I have only met with my counselor once so far, but she had already learned a lot about me through the questionnaire and we were able to discuss a variety of topics in a relatively short amount of time. One of the factors that has been on my mind throughout my college search process is whether I would like to go to a research university or a small liberal arts college, and my counselor’s background, which included experience in both types of schools, allowed for her to compare the two for me in great detail. In addition, she also gave me a list of the things that I should accomplish during the summer, so it was nice to have a laid-out plan.
What advice has been most valuable so far?
I think that my counselor’s experience at a small liberal arts school was the most valuable. I think she also helped me to realize the fluidity of majors and to not have too strict of a mindset. I used to be so sure that I would pursue biology or some other typical pre-med major, but her open-mindedness has helped me to open up to options that I would not have considered before.
How have you grown/changed since you started planning for college?
I guess I’ve started to think beyond college, ironically. Ever since I entered high school, all I could think about was getting good grades and test scores and then going to a top-tier college that would make my family proud. But through the college search process, I have realized that honestly, you could go anywhere and still accomplish your goals. After all, college really is what you put into it. Because I personally want to go to medical school, I have also realized that the name of the school that will appear on my undergraduate certificate is not the most important factor; it’s what I do during my undergraduate years that will determine my chances of getting into medical school and eventually becoming a doctor.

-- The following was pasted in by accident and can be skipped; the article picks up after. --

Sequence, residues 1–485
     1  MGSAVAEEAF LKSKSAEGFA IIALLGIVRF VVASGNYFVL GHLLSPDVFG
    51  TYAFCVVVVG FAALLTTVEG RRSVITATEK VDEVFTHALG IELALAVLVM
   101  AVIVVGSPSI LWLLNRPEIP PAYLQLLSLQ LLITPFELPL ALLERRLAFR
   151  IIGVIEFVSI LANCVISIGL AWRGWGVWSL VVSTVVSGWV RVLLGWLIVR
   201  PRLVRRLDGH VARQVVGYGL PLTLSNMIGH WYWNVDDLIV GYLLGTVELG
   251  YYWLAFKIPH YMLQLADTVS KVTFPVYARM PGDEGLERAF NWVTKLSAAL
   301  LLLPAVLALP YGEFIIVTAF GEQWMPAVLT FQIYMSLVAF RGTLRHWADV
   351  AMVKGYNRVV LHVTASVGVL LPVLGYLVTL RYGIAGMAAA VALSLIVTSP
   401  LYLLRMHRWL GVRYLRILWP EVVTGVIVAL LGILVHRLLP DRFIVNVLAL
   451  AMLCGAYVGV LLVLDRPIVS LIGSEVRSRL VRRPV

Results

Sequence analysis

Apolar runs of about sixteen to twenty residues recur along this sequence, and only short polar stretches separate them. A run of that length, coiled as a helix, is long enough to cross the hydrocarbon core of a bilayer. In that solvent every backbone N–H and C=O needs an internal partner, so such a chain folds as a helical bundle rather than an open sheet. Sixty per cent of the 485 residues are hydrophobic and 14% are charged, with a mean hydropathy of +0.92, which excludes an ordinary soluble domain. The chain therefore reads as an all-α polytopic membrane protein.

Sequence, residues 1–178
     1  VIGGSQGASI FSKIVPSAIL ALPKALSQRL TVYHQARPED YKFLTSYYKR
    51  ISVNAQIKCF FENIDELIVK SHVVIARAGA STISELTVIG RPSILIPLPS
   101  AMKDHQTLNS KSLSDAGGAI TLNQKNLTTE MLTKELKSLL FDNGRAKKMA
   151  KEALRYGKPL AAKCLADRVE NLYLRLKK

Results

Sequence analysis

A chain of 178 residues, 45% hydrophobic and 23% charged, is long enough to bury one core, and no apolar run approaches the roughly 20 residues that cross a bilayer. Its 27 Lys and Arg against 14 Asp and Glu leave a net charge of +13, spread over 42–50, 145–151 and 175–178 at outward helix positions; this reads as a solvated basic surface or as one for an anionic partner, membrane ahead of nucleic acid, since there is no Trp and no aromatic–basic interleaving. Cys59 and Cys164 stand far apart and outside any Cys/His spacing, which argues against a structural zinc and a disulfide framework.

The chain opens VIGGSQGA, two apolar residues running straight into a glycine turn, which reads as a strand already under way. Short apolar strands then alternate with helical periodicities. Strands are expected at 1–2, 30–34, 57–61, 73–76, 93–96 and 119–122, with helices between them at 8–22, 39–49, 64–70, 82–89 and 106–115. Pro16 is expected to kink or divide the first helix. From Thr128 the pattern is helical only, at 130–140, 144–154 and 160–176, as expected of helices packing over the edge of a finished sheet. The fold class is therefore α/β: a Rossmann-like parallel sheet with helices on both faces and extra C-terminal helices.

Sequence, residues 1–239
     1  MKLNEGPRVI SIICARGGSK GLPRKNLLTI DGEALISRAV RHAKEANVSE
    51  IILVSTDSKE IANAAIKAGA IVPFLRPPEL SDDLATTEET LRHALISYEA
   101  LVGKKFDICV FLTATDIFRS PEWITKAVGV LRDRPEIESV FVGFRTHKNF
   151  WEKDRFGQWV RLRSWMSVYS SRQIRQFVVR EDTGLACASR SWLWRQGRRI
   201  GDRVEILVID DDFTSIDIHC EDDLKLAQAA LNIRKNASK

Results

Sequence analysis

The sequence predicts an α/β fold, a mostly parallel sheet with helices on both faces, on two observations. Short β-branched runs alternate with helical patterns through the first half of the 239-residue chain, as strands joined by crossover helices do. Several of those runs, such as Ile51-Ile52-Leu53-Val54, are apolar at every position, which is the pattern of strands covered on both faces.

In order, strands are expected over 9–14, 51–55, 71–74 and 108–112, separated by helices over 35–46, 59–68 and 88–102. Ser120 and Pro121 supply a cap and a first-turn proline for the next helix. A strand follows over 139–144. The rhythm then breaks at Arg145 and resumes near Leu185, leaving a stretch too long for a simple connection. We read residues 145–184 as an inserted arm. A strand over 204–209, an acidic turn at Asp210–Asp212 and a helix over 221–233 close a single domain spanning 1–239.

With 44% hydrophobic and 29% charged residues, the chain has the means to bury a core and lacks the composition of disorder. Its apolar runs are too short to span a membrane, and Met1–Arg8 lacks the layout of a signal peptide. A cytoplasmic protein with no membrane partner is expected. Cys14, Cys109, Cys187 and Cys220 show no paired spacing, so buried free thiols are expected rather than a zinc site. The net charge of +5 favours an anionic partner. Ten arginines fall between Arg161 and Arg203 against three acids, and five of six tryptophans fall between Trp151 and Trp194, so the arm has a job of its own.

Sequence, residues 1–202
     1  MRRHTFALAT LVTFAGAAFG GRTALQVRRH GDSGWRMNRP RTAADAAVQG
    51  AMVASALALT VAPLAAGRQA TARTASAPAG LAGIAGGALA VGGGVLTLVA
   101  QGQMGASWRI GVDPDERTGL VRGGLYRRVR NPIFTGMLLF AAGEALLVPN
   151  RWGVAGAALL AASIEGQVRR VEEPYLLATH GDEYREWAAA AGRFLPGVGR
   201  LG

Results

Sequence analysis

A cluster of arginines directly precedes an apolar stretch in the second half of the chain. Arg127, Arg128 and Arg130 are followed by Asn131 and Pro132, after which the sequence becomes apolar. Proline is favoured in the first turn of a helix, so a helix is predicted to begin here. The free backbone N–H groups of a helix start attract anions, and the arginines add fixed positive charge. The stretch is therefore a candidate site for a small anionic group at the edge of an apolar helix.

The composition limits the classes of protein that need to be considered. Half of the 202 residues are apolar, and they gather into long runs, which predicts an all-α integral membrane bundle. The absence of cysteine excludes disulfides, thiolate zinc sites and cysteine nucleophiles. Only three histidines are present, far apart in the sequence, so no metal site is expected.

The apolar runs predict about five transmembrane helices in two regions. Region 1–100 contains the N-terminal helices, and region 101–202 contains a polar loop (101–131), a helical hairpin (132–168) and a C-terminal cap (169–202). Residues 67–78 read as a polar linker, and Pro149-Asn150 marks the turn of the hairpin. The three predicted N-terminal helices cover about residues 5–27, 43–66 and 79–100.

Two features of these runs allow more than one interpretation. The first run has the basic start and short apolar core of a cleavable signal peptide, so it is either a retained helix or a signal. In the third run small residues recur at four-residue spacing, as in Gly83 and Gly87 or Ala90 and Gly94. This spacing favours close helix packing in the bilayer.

What advice would you give to students preparing for college?
I would tell them to find schools that fit them and not just apply to the same schools that everyone else at their school applies to. I would also tell them to…focus on getting good grades and committing to extracurricular activities that they actually want to do. As for extracurricular activities, being involved very deeply in a few extracurriculars is way better than having shallow involvement in a ton of extracurriculars. This is actually one of my biggest regrets in high school. Lastly, I would tell them to not get too attached to any particular college because there are multiple colleges that they would feel happy at.
Not sure if you’re on track with your college prep? Download our free College Planning Checklist to catch up before school starts back this fall.